Here’s my submission for the Understatement of the Week Award: Bill de Blasio’s honeymoon appears to be over.

The mayor’s mid-February skid, involving snowstorm response and his late-night phone call about an arrested pal, deepened last week with the exposé of his motorcade’s disregard for the very traffic laws the mayor wants to strengthen. Then the city comptroller criticized de Blasio’s budget for failing to account for the likely cost of labor settlements. Desperate for good news, the administration late last week trumpeted a deal that improved Long Island College Hospital’s odds for survival—but even that victory is thick with uncertainty.

Over the weekend, the New York Post caught the mayor—egads—jaywalking! And the Daily News gave a platform to former de Blasio spokeswoman Lis Smith, until recently the subject of tabloid scorn for her romance with Eliot Spitzer, who criticized de Blasio’s handling of the politics around pre-K funding.

Next thing we know, a “Draft Christine Quinn” movement will begin with a series of small neighborhood vigils and morph into an occupation of the High-Line Park—which is really just like Kiev’s Independence Square, but with better plantings.

No, it’s not that bad yet. But it does seem like a long time since de Blasio was orchestrating the election of an ally as Council speaker, pushing though a paid sick-leave expansion with minimal business-sector opposition, brushing past the kerfuffle over his secret speech to AIPAC and forcing Andrew Cuomo to counter-punch on the UPK plan. That was way back in… January.

Some of the criticism of de Blasio has been unfair. Jaywalking? Lis Smith? Come now. And some of it has been right on target: why a man who has known since mid-September that he was very, very likely—if not certain—to be the next mayor still hasn’t filled out his roster of commissioners is simply mind-boggling.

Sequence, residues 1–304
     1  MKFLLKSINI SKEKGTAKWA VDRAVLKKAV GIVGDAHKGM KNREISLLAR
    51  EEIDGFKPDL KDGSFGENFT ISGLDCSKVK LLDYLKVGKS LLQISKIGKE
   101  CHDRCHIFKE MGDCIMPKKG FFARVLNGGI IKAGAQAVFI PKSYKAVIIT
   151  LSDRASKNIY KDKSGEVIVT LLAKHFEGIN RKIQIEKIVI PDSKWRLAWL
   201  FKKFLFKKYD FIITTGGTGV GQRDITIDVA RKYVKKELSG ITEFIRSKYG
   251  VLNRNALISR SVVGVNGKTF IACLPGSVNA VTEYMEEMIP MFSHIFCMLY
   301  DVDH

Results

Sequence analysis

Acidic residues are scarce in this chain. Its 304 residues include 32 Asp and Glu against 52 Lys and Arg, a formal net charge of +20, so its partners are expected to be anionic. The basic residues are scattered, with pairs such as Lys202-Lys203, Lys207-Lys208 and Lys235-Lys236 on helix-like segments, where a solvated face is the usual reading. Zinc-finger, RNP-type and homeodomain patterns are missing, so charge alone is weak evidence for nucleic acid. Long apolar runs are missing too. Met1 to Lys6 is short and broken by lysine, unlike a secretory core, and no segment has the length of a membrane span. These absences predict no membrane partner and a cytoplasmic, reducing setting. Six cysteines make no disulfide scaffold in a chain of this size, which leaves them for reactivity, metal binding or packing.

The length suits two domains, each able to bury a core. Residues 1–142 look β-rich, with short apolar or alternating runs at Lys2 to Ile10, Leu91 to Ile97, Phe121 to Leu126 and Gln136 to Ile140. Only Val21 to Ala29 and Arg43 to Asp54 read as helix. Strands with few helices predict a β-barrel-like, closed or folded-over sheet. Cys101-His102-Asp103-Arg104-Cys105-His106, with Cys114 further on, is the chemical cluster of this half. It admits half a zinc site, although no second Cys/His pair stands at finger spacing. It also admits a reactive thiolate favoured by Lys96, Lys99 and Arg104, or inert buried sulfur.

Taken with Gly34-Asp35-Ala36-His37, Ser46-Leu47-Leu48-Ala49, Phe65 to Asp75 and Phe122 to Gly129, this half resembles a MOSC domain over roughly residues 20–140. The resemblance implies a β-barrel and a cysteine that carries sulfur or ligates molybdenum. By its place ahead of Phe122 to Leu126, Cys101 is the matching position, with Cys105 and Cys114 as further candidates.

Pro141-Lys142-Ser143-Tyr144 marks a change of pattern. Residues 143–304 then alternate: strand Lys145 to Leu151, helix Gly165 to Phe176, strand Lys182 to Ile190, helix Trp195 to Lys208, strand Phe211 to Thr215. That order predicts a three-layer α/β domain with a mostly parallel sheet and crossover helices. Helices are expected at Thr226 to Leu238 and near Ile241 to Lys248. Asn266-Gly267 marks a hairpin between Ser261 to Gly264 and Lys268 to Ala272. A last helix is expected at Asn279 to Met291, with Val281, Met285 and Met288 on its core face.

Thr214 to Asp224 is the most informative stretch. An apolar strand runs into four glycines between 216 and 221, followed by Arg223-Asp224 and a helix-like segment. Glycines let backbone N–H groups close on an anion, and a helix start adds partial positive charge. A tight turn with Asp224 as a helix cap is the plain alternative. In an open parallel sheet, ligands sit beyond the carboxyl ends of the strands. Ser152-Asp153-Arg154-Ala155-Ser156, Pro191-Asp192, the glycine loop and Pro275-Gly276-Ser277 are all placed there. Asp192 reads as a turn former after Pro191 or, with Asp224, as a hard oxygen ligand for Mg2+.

But fairness is beside the point. Caesar’s wife could complain all she wanted about having to be beyond suspicion, but it didn’t change the fact that she had to be beyond suspicion. De Blasio’s totally accurate, totally acidic criticism of nearly everything the previous mayor did has created a very high standard to which he’s going to be held. That’s just the way it is.

The real question is, what does a bad month mean? The answer: way less than everything, but way more than nothing.

Two months does not a mayoralty make. Mike Bloomberg had a pretty rocky first year and managed to cruise to re-election. But the former mayor was aided by friends and finances de Blasio will never garner. And it doesn’t take long for a media storyline to go from improv to script. So there are real risks to the de Blasio agenda, because so much of it depends on the notion that he has the power to make sweeping change.

De Blasio has often talked about political capital, and he came into office with a lot of it. But no one has an endless supply. And once people get the idea that you’re running out, even the political capital you have buys less. Our mayor’s ability to fulfill his progressive agenda depends on far more than his statutory powers. He needs other people with power to follow his lead.

The bad press, obviously, erodes that capital. And it obscures the real reforms de Blasio has made: moving to end the stop-and-frisk litigation, stopping the stupid practice of charging NYCHA for police services, removing children from two disastrous homeless shelters and more. These moves aren’t universally popular (the police union, for one, hates the move on the stop-and-frisk litigation) but they put the focus on policy and change, and not on de Blasio’s driver’s lead foot.

Maybe the way for de Blasio to shift the tune, rather than running away from questions, is to keep putting out new policies. Forget about the inevitable charge that you’re trying to do too much. One thing I learned during my brief and unsuccessful boxing career is that you can’t defend yourself by backing up. The only way not to get pummeled is to keep punching.

(OK, so my boxing career consisted of one sad fight, which I lost. But at least I’m still pretty.)